Former Obama Kool-Aid drinker, magazine editor, publisher, and real estate billionaire Mort Zuckerman blasted Barack Obama’s continued demonizing of the business sector in today’s editorial at US News & World Report.
US News reported:
The unique danger today is the possibility that we may face longer-term stagnation as a consequence of relying too heavily on borrowed money. When the housing and credit bubbles burst in 2007 and 2008, the unemployment rate soared to double digits and caused a cascade of shock throughout the credit markets and the banking system. Washington’s ability to initiate a resurgence is now limited by the long-term dangers of our deficits and our debts.
But one unfortunate pattern that has emerged in the last 18 months is to lay all the blame for our difficulties only on the business community and the financial world. This quite ignores the role of Congress in many areas, but most glaringly in forcing Fannie Mae, Freddie Mac, and the Federal Housing Administration to back loans to people who could not afford them. And not to mention the role of the Securities and Exchange Commission, which in 2004 sanctioned higher levels of leverage for financial firms, from 12 times equity to over 30 times equity.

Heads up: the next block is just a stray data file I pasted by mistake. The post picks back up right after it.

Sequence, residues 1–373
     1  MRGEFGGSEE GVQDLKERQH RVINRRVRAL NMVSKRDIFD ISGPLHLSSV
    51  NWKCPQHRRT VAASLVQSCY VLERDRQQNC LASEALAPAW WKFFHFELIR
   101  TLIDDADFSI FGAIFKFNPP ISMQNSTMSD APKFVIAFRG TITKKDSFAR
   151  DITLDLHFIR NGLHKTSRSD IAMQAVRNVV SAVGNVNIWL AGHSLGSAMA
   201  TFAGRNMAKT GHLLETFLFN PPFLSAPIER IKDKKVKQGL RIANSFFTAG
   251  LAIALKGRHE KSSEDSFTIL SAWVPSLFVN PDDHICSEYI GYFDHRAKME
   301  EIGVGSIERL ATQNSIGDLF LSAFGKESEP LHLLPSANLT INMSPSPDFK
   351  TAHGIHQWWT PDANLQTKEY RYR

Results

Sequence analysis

This predilection to blame business is manifest in the unnecessary and provocative anti-business sentiment revealed by President Obama in a recent speech that was supposed to be seeking the support of the business community for a doubling of exports over the next five years.
…It’s not just the rhetoric that undermines the confidence the business community needs to find if it is to invest. Consider the new generation of regulatory rules, increased bureaucracy, and higher taxes created by the Obama administration. For example, the new financial regulation bill includes nearly 500 “rule-makings,” studies, and reports, compared with just 14 in total for the controversial Sarbanes-Oxley bill, passed after the financial scandals of Enron and WorldCom. The disillusionment has spread to the Business Roundtable, the U.S. Chamber of Commerce, and the National Federation of Independent Business (NFIB), which represents small businesses that normally account
for roughly 60 percent of job creation.
The chief economist of the NFIB, William Dunkelberg, put it clearly: Small business owners “do not trust the economic policies in place or proposed.” He also said, “The U.S. economy faces hurricane force headwinds and the government is at the center of the storm, making an economic recovery very difficult.”
Our economic Katrina, in short.
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What exactly did these people expect from a community organizer who considered a Marxist to be his spiritual mentor?